Archive: November, 2012

A Special Issue of Care

Caring is a special art. If not innate, it can be learned and is an essential relationship ingredient. Some of the ways we care and are cared for are what we explore here.

Most often we have expectations for how it should go. It means our relationship. The problem is not that we have expectations but that they often may be unconscious to us and/or unconscious and untold to our partner. Care relates to how we experienced care and regard when we were children. From the beginning we register how care is expressed to us and between family members. In addition, we also note the needs that went unmet and become stored up unconsciously. These are the ones that are most tender and become so intensely projected onto our partner to satisfy and fulfill. These are the vulnerabilities, the wants and needs that scream out and insist on gaining the right attention now. They were stifled and frustrated before. Now we feel we can finally get them fulfilled. But, it needs explaining and telling our partner about them and even before this, letting them come to our conscious awareness in order to cogently share them.

Therefore, due to the complex clamoring of our own needs, they might conflict with hearing those of our partner. Therefore, even though you love your partner it does not mean you know how to give what she or he wants and needs emotionally. You may not know the package that appeals, be it in words, deeds, surprises, predictable and consistent efforts. It is not just a given. One needs to be carefully taught and to carefully listen.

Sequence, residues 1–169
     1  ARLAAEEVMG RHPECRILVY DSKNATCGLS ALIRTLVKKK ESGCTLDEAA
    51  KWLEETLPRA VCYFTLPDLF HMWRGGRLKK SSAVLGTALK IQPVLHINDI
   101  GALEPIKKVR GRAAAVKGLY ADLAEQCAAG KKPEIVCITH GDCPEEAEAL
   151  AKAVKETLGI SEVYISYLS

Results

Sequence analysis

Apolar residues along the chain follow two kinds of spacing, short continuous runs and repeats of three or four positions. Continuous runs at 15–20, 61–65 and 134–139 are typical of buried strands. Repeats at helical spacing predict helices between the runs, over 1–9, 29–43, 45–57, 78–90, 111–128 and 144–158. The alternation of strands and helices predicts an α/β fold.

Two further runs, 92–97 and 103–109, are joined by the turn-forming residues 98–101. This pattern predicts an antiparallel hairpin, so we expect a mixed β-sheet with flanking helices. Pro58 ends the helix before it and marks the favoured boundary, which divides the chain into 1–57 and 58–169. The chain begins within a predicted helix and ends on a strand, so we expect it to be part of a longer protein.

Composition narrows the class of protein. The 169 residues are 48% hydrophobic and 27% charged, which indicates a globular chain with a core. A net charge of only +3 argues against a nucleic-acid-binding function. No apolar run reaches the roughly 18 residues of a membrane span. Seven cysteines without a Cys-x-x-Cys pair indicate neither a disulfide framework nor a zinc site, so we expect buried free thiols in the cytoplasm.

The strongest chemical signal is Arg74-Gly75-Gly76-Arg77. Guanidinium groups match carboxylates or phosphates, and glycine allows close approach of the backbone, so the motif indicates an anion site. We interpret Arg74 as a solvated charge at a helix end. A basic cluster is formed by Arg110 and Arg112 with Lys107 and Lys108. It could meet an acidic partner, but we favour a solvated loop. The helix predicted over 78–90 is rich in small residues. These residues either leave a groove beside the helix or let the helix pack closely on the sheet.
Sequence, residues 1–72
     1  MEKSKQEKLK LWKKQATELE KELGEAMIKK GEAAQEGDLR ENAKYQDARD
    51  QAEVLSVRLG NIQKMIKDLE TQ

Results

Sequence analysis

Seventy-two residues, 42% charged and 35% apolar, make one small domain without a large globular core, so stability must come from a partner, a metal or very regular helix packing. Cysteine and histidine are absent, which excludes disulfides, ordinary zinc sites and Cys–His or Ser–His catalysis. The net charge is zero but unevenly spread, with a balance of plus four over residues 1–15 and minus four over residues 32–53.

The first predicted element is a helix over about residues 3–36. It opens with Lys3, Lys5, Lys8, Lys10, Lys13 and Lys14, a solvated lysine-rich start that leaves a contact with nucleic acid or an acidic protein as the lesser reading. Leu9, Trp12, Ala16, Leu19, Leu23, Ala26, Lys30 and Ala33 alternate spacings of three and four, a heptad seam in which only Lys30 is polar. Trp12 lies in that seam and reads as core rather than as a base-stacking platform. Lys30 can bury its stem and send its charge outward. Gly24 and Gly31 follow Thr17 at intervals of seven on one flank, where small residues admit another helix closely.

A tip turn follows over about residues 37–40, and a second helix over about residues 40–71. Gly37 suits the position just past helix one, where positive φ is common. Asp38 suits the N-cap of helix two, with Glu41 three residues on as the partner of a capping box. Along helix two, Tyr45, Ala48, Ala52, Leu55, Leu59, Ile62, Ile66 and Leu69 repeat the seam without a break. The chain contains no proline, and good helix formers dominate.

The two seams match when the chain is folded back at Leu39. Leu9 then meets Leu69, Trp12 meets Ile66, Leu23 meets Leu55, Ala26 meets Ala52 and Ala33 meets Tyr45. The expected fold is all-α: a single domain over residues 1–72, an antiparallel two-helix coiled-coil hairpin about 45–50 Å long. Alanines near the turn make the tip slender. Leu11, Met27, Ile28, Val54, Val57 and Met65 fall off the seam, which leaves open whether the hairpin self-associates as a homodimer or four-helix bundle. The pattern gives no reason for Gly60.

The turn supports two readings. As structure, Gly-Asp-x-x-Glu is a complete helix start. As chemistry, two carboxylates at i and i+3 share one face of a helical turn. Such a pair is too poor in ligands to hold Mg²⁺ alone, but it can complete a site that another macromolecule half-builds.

For example, one partner expects and looks for care to be demonstrated through physical affection and sexual intimacy. Another may need periodic texts or calls during the day to feel connected. Another likes flowers weekly and another to be taken for dinner or a surprise event planned each week. And, all may need reminders, not because they do not care, but because their own needs for care come to the fore as well and often look different from their partner. This all is a negotiation between our own care needs and those of our partner so all can get met.

As we approach the Christmas season that has become a time of gift giving more than spiritual attention, we tend to focus on what to give and what we will get. In a way, this may be an opportunity to evaluate the giving to each other that can occur all year long. Each partner can be more attentive and show care—not through a gift per se but through emotional regard and respect. This means setting up times for careful listening and finding ways of showing care and affection consistently, not only at holiday times.

So, this issue of care might propel you to first sit with yourself and then with your partner and discuss, share and figure out how you can meet each other’s needs, to increase understanding and fill in the unknowns with tenderness and mutual regard.

Susan Schwartz Ph.D.

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On Being Attuned to Each Other